RAGNAROK – Hush House, Bentwaters Air Base


Deep in the bleak Cold War desolation of the old US Air Base in Suffolk stands a shed where once jet engines were tested. Inside, the old Norse gods gather to bicker, swing axes, rip out eyes, bind Fenrir the wolf whose jaws will eat the world. They brag of feuds and love affairs more entangled than Dynasty, and move inexorably towards their Gotterdammerung twilight. Walls rumble away, giants with gnarled heads and fiery eyes lumber out of the tunnel where once the jet-flames roared. Puppet eagles fly overhead.


Eastern Angles, with a commendable desire to express the ancient mentality which sent the funeral ship to Sutton Hoo up the road, have commissioned Charles Way to tell the tale of the bickering gods, with Hal Chambers directing, a gleefully site-specific design by Samuel Wyer, and brilliantly ominous soundscapes from Benjamin Hudson. Audiences are either fascinated – like me – or, in a few cases, baffled (“I don’t do f—ing goblins!” muttered one. But he did like the giants).


For Norse myths have tended to be outranked in general awareness by the Greek variety, and unless you are a keen Wagnerian (or, like a delighted twelve-year-old boy near us, well up on Marvel comics) it is prudent to Wikipedize a swift refresher on what happens in the Eddas to Odin, Thor, Loki, Freya, Baldur and the rest of the Asgard set. Remember the difference between Nibelheim and Midgard, why the gods hate the giants though related to them, and why the tree Yggdrasil matters. If you prefer to come to it cold, sit back and accept that hairy Norsemen round winter fires had to make up something to explain their violent weather and volcanoes, and entertain themselves. And us: not least because Oliver Hoare’s vigorous Loki looks more like Russell Brand every minute, and it is gratifying to imagine Brand being held over a volcano with a magic eagle pecking his liver, or being electrocuted by Thor using a moose’s antlers as a lever.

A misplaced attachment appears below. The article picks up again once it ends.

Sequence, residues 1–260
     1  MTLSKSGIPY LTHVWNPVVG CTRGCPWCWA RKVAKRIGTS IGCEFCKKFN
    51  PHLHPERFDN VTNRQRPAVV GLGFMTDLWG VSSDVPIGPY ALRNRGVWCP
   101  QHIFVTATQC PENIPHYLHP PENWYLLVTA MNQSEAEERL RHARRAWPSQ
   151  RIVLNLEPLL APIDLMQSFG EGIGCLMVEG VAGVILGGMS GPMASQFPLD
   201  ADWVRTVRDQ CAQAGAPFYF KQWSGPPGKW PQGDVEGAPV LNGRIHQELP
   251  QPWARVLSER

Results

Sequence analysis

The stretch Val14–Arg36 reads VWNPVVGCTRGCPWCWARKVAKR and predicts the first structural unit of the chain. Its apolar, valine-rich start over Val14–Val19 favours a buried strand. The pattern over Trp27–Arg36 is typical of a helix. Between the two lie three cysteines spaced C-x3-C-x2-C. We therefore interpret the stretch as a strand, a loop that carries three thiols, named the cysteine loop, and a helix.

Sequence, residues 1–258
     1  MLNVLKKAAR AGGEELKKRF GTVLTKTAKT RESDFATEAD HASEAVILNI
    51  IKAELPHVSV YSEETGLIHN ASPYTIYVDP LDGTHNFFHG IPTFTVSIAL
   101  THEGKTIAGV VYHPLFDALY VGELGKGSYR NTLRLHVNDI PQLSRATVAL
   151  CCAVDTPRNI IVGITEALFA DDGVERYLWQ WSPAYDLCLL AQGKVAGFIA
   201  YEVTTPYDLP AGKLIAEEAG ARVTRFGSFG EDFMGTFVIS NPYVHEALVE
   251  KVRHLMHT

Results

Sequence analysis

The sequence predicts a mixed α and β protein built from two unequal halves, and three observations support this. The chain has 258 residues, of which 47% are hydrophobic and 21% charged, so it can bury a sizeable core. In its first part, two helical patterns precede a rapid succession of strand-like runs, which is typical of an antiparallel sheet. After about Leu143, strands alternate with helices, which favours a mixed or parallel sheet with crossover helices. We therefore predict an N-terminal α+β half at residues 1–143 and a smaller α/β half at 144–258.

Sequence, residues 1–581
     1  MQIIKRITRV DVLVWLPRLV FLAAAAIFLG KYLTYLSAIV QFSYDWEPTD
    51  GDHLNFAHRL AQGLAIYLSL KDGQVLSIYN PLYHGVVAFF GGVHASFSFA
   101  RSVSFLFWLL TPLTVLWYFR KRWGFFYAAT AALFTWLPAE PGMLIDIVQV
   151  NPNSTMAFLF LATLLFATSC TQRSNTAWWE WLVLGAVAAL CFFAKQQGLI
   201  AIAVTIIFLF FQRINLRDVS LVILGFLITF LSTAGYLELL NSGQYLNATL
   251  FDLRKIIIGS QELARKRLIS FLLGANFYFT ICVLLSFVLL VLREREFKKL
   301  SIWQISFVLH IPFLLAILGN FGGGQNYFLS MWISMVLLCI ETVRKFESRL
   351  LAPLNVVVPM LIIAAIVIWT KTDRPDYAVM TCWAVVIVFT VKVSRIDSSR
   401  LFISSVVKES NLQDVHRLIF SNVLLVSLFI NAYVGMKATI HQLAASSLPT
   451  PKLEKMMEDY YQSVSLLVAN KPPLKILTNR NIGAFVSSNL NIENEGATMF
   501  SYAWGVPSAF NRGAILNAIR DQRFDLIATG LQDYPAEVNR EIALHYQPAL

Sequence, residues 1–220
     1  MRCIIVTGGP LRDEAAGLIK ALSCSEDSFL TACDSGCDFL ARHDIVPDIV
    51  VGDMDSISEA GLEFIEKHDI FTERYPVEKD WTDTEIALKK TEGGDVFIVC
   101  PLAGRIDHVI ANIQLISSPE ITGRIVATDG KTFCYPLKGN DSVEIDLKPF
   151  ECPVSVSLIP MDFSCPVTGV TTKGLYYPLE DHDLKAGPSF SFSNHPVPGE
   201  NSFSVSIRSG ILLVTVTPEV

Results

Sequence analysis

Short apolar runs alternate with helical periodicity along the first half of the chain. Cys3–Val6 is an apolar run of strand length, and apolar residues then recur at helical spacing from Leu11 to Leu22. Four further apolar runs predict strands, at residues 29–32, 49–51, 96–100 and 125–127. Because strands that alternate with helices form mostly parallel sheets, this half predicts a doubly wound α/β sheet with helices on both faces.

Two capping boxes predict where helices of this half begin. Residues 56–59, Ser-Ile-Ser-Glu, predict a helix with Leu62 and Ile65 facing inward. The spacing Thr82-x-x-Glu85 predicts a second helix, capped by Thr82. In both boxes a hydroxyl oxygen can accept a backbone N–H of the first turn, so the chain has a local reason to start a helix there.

Amid all the roaring uncouthness (Theo Ogundipe a fabulous Thor, Gracy Goldman a foxy provocative Freya) it is fascinating to notice elements echoing Christian or classical myth: significant apples, sexual misconduct, miscegenation, disguises, even an oracle: Sarah Thom in an alarming spidery-raggedy outfit with a rat-skull in her headdress and a lot of booming echo. Antony Gabriel’s Odin is striking, as is Frigga his wife (Fiona Putnam): they’re the only ones allowed a trace of nobility. The rest – apart from the necessarily bland goodie Baldur – roister and fight intemperately, and when the walls of Asgard need mending are stupid enough to hire a disguised enemy who demands the sun and moon as payment (Josh Elwell, particularly adept at suddenly turning into a huge puppet giant).


Well, you get the idea. It rolls along to a spectacular final doom, with flame and shocks and drumming. I can’t entirely admire Way’s text: sometimes it takes off in poetic epic flights or adds adds nice Anglo-Saxon constructions like the mason’s horse – “tail-swinger, grass-muncher, stone-shifter”. But when it descends into slangy modernism the bathos grates without amusing. But the narrative is always clear, even if some side-stories need a cut. And the death of innocent Baldur, with the fire-ship vanishing down the tunnel as the world sinks into “Axe-age, sword-age, wind-age, ice-age” finally brings a creepy sense of eternal themes, immolation and the world’s fall from grace.